In these times of stress and uncertainty, we need to be vigilant, to do everything in our power to maintain confidence in our financial system. I feel very strongly that in every way we’ve got to have more urgency to continue the action that was started yesterday. In my conversations earlier this morning, I raised my concern about the continuing numbers of foreclosures and my very strong belief that in the absence of addressing that aspect of this subprime mortgage credit crisis, we will not be able to make the progress that we have to make. I will follow this closely and as I said, I am particularly concerned about the many employees of Bear Stearns and their families and the ripple through the economy that this is going to cause.
Statement from Hillary Clinton
This is the difference between someone running to defeat Hillary and someone running to be President. The focus of the two campaigns is dramatic. Obama is all about The Precious and just how precious he is. Hillary is all about the growing insecurity of the lives of ordinary people and just how destructive that is to wide sectors of the society. Many links and videos in this post "Hillary Clinton on Financial Market Crisis" by Susan UnPC on No Quarter.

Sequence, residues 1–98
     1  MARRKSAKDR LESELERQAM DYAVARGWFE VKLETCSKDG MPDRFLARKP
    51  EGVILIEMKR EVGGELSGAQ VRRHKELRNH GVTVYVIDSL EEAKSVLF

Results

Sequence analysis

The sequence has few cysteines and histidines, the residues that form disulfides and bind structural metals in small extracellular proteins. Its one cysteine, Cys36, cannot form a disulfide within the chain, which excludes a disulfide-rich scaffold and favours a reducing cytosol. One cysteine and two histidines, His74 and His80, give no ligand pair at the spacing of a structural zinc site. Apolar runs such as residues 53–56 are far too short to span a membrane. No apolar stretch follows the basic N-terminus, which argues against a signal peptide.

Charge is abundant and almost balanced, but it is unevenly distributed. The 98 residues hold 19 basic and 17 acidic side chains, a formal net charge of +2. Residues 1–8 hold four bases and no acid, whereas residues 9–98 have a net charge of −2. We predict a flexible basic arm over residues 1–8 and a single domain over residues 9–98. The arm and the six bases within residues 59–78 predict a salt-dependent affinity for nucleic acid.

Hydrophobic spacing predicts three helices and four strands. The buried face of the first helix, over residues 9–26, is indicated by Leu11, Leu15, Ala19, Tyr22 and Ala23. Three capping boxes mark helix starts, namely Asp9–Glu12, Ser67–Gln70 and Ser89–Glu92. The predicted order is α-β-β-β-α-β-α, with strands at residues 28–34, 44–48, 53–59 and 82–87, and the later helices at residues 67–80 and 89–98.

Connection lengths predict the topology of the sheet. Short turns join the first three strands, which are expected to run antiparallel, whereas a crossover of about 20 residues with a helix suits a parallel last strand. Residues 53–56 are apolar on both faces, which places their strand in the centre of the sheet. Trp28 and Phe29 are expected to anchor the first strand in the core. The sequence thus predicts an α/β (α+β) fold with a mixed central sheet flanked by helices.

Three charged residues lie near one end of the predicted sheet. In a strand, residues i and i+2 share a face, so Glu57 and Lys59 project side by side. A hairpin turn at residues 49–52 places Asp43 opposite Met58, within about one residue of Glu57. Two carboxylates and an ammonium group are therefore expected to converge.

The news of financial market melt down in the last few days should be shaking the nation to its foundations. We should not have to deal with sophistry over the odious words of a power-hungry preacher (Is Wright a racist asshat? You betcha! Is Obama lying through his teeth about not knowin' nuthin' 'bout a trash talkin' preacher? Oh, my, yes! Is this an insult to the nation that bloggers like Josh Marshall are actually trying to defend that crap? No doubt about it!) when we are looking at the worst economic crisis to face the nation since the Great Depression.